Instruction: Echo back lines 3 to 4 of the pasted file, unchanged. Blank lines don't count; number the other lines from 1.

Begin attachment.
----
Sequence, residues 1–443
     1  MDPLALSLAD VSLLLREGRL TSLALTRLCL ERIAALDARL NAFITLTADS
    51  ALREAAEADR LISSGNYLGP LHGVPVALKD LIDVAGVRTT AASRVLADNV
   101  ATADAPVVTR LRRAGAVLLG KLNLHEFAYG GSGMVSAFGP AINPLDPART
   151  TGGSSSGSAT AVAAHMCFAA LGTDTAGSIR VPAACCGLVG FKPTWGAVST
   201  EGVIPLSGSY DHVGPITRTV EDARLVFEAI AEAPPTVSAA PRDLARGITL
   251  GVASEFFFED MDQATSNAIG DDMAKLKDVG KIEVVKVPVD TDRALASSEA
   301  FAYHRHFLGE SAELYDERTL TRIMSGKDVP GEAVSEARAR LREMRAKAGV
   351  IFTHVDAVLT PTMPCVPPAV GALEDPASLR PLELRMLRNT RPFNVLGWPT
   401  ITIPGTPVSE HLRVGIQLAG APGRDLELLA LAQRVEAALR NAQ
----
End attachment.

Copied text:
    51  ALREAAEADR LISSGNYLGP LHGVPVALKD LIDVAGVRTT AASRVLADNV
   101  ATADAPVVTR LRRAGAVLLG KLNLHEFAYG GSGMVSAFGP AINPLDPART